BERLIN (Reuters) - The International Olympic Committee (IOC) has emerged as the clear winner in a battle for influence over international sports federations as rival organization SportAccord has been left in tatters.
A rare public confrontation that began last month with a scathing attack by SportAccord President Marius Vizer on the IOC has essentially ended with the complete isolation of SportAccord, an umbrella organization for some 100 sports federations.
Dozens of them, including most Olympic federations, have either withdrawn their membership of SportAccord or made their opposition to Vizer’s comments public, siding with the IOC.
Vizer had accused the IOC of lacking transparency and blocking new events, calling their system “expired, outdated, wrong, unfair and not at all transparent.”
Even after Vizer proposed a meeting with the IOC to clear the air with a 20-point agenda that included major demands in favor of his members, federations continued to drop out of SportAccord en masse.
In an interview with Reuters last week, Vizer, the head of the International Judo Federation, cried foul, accusing IOC President Thomas Bach of pulling federations’ strings in the background.
“They (the IOC) did not analyze my proposals but just took measures to punish me because I expressed a voice on behalf of me and millions of sports people,” Vizer said.
“I was straight and direct and I feel that president Bach has stayed just behind all the story, in the shadows.”
It is clear that Bach, elected in 2013, has emerged the big winner in this conflict against a potential competitor, who was eager to increase his control over federations.
Vizer took over SportAccord two years ago and immediately announced the United World Championships, an event the IOC saw as possible competition to the Olympics.
It never materialized after he opted to break them down into four smaller events so as not to threaten the IOC -- but the battle lines had been drawn.
Federations are the lifeline of the Olympics. They bring the big names to the Games, making them the IOC’s most valuable stakeholder.
A lack of top athletes would mean no top sponsors nor top broadcasting deals.
“I believe it was about making a point, about telling other potential threats and the world of sport that Bach and the IOC are in complete control,” an Olympics expert, speaking on condition of anonymity, told Reuters.
“Pressure or no pressure, anyone out there planning to challenge the IOC will now have to think twice after seeing what happened to SportAccord.”
Vizer’s position has been severely compromised with many federations saying he is no longer speaking on their behalf and demanding an apology to the IOC.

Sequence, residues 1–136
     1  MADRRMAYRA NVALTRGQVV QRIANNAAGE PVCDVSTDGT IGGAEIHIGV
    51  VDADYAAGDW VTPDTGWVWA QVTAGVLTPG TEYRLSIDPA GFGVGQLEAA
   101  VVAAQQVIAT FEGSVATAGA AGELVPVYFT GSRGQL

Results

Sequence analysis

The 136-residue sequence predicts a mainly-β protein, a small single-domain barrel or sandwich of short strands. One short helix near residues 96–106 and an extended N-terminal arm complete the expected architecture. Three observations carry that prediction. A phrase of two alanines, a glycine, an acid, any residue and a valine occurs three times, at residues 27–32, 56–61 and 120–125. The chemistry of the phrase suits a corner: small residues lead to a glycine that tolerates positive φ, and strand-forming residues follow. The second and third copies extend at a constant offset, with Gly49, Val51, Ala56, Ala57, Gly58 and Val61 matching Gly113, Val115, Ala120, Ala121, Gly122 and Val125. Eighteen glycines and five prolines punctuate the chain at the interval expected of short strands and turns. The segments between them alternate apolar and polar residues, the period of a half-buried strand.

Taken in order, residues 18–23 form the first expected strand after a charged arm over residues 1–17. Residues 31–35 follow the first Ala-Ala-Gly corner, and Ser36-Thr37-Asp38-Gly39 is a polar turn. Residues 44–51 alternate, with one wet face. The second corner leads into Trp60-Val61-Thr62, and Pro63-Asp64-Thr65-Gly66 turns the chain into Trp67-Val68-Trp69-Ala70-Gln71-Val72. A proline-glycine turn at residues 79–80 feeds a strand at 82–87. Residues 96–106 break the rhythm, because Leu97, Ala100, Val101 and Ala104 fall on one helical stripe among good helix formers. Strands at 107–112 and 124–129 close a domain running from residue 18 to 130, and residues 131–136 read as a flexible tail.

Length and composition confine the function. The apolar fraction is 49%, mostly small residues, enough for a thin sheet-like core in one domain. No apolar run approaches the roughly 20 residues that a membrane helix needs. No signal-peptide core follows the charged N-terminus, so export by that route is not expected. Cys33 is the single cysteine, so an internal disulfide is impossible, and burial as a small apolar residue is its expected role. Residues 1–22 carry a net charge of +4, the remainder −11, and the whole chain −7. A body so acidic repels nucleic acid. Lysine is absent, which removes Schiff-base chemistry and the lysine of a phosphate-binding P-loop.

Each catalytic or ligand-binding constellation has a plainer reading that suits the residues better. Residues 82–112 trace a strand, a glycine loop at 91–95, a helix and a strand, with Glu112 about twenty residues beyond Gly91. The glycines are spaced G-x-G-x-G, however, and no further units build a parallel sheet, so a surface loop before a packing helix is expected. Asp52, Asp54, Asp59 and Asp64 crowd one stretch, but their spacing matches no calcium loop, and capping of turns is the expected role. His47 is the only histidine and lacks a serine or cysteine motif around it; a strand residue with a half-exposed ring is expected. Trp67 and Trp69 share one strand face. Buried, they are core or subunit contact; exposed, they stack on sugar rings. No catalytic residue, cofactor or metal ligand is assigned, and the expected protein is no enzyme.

Peru’s Olympic Committee, who had been set to organize SportAccord’s 2017 World Combat Games in Lima, also pulled the plug on Sunday, telling Vizer they were siding with the IOC.
The World Combat Games have lost five of six Olympic sports, with only judo, the federation Vizer heads, remaining.
Yet alleged pressure is not enough to lead federations to side with the IOC. It is also the IOC’s financial structure that ensures millions of dollars are distributed to them after each Olympics.
Just under $300 million was divided between the 28 federations after the 2008 Beijing Olympics and that figure went up to a staggering $519 million for 26 sports after London 2012 due to even greater broadcasting deals.
Rights deals have continued to grow and the Rio de Janeiro 2016 Games will flush further cash into their coffers.
Many Olympic federations depend on these revenues for their entire existence in the four-year cycle between Games and this cash injection is something neither Vizer nor SportAccord can replace any time soon.
“What is the relevance of SportAccord now? The Olympic federations are safe but non-Olympic federations are in a very awkward position at the moment,” said the Olympic expert. “There is a division now that no one wants and that was created by SportAccord.”
The organization was never crucial for major sports but minor, non-Olympic federations used that platform -- an annual convention and a string of multi-sports events -- to increase global exposure and tap into new revenue streams.
A group of 23 such sports wrote to Bach and Vizer on Monday in a desperate plea to find common ground.
With the IOC boss unwilling to meet before briefing the Executive Board in June, time is running out for Vizer with Bach holding all the cards.
Reporting by Karolos Grohmann; Editing by Ian Chadband